Comment & Analysis
Jul 10, 2019

My Mum Needed an Accessible Toilet at the Summer Series. She Was Denied

My mother's experience at the Trinity Summer Series shows the urgent need for a conversation about non-visible disabilities, writes Amber Davy.

Amber DavyContributing Writer
Paul Weller played at the Trinity Summer Series last Thursday.

The Jam’s “Going Underground” featured prominently on the soundtrack of my childhood. My mum’s favourite band, the Jam would have her bouncing around the sitting room miming air guitar to it, vowing that she wanted it played at her funeral. I’d always found this joke hilarious – that is, up until around two years ago, when the prospect of my mum dying was no longer a far-flung thought exercise reserved for imagining ironic soundtracks.

Mum was diagnosed with a rare form of cancer called Pseudomyxoma Peritonei, also known as PMP Appendix Cancer. She underwent extensive surgery to remove a number of diseased organs and received Hyperthermic Intraperitoneal Chemotherapy at the Mater Hospital, Dublin, in August 2017. The life-saving operation had included the removal of her right colon and partial removal of her rectum. She was left with a colostomy: a surgically created opening, or stoma, in the abdomen. This allows for the removal of bodily waste into a pouch known as an ostomy bag. Unfortunately, mum’s condition is incurable, but thankfully she is now stable and back to belting out mod classics in between ad breaks.

Mum’s love of experiencing live music took a backseat at the height of her health struggles. But when she discovered that her former “future husband” Paul Weller (sorry dad), formerly of Jam fame, was making an appearance at the Trinity Summer Series, tickets were promptly booked. It was her first concert since taking ill, and she was brimming with excitement yet also anxious about ensuring her medical needs would be met.


Unfortunately, mum’s condition is incurable, but thankfully she is now stable and back to belting out mod classics in between ad breaks

Those who use an ostomy bag need to use accessible toilets to accommodate a change of the ostomy bag. They also need more space to organise medical supplies, and accessible toilets offer more privacy to the user. Mindful of the standard of public toilet facilities at outdoor events, mum emailed the event’s organisers, MCD, prior to the concert to ensure there would be no issues with her accessing the necessary facilities. She was assured that she had nothing to be concerned about.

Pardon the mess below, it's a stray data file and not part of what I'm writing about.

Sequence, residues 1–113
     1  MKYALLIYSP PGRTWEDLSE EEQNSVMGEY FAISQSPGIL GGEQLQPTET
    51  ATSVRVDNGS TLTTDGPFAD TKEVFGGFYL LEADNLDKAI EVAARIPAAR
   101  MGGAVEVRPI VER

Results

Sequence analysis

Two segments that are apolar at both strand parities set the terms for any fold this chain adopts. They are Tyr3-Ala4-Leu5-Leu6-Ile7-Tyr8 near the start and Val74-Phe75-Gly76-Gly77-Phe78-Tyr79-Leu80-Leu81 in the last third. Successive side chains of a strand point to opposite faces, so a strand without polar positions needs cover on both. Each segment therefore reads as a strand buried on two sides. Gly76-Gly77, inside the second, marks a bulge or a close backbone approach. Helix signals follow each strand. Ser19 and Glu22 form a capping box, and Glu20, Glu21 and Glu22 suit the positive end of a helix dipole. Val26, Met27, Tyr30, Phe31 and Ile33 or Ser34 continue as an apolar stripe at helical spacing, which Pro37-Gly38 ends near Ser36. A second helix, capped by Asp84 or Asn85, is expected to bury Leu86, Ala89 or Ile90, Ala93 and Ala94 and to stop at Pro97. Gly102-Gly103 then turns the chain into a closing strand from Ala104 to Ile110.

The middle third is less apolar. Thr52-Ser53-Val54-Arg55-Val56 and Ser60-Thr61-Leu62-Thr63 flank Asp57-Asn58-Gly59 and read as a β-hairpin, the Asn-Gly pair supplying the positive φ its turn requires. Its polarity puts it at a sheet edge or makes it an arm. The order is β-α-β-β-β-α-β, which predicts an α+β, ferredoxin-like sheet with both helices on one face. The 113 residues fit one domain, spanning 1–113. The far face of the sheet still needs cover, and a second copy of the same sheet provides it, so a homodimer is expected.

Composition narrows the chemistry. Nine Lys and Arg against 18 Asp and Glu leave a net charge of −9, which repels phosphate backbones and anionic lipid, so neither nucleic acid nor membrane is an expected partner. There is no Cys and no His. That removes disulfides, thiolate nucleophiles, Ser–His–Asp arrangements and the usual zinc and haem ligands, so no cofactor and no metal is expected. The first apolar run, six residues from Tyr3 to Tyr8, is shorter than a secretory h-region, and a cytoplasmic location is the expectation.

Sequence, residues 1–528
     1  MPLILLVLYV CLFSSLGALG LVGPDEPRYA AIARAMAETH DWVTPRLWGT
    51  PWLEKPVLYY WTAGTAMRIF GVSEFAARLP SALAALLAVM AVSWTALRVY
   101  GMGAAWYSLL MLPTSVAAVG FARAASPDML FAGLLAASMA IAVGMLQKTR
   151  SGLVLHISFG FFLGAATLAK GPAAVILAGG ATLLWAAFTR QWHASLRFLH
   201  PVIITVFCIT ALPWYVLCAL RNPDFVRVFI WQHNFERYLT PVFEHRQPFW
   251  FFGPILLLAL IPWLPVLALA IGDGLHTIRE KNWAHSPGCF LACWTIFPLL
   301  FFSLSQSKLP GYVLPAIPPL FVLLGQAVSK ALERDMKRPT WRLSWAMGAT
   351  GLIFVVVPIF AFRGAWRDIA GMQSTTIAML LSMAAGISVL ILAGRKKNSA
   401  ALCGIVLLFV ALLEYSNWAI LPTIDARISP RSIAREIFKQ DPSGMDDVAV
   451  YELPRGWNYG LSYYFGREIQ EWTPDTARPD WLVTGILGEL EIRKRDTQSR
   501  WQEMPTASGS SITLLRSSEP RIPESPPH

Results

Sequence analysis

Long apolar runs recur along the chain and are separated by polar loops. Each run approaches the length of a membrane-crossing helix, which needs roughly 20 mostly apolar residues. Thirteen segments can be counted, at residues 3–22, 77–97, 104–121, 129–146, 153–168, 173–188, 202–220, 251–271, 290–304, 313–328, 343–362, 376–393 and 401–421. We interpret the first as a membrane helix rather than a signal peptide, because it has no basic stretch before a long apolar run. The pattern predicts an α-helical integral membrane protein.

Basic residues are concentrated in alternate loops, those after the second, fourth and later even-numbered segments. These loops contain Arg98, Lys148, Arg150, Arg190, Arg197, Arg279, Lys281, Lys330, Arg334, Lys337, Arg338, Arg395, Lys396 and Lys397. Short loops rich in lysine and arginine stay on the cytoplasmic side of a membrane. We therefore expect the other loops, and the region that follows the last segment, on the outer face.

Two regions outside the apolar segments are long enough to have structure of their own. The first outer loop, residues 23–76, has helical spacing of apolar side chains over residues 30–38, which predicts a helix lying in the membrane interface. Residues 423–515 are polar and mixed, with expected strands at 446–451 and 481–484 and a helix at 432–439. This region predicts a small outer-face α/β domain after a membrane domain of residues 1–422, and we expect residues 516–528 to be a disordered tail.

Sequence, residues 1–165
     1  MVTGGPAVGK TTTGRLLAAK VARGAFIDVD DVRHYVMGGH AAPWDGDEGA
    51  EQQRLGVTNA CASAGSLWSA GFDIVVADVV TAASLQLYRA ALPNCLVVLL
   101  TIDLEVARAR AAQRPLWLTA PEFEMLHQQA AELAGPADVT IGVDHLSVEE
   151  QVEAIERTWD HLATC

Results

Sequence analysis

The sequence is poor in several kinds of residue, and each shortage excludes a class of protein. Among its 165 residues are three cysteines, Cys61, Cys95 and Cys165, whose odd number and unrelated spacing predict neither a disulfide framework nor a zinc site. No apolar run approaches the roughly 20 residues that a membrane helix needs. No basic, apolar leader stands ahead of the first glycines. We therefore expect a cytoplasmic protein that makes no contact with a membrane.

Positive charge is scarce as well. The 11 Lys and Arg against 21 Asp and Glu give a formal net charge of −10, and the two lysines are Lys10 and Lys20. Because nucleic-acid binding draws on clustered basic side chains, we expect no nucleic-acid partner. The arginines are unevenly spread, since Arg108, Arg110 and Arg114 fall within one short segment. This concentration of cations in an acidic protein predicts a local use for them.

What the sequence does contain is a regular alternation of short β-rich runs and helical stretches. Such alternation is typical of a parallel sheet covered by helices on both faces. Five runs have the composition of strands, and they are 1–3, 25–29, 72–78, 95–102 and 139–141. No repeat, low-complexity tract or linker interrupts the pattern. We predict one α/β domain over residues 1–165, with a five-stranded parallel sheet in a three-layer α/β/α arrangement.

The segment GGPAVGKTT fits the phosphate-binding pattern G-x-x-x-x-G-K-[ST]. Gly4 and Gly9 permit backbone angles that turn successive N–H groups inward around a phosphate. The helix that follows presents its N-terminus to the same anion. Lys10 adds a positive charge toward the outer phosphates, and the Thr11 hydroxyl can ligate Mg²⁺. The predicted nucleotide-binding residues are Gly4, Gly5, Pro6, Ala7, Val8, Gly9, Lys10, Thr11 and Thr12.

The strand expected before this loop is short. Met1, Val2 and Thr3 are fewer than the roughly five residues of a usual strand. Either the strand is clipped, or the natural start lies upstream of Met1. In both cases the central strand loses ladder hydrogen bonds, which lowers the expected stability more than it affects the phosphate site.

This did not turn out to be the case.

Halfway through the concert mum realised she needed to use the toilet facilities. She approached a female member of the security team and, asking for directions to the accessible toilets, was politely pointed in the correct direction. When approaching the accessible toilet area, my mum noticed they were located behind a fenced off area and that there was an attendant manning a barrier. She approached the attendant and told him she had a medical condition and required access but he refused her entry. She reiterated that she had a genuine medical need and was horrified when he looked her up and down and asked: “What’s wrong with you?” He said he’d been told to only allow access to people in wheelchairs and, to add insult to injury, made a sarcastic show of looking behind her for a wheelchair that was clearly non-existent.

Upset, humiliated and frustrated, mum asked to speak to the attendant’s manager. He pointed towards the stage, saying she could find the manager “somewhere over there”. Taking into account the size of the crowd, and her increasingly urgent need to use the accessible toilet facilities, she decided that she wasn’t in a position to spend time looking for the manager and pleaded once more for access. She opted to inform him of her disability was due to living with a cancer diagnosis and that due to cancer surgery she used an ostomy bag. She told him in no uncertain terms what that was. She was aware that she didn’t have to disclose personal medical information but felt under duress to do so given the circumstances. She was still refused access.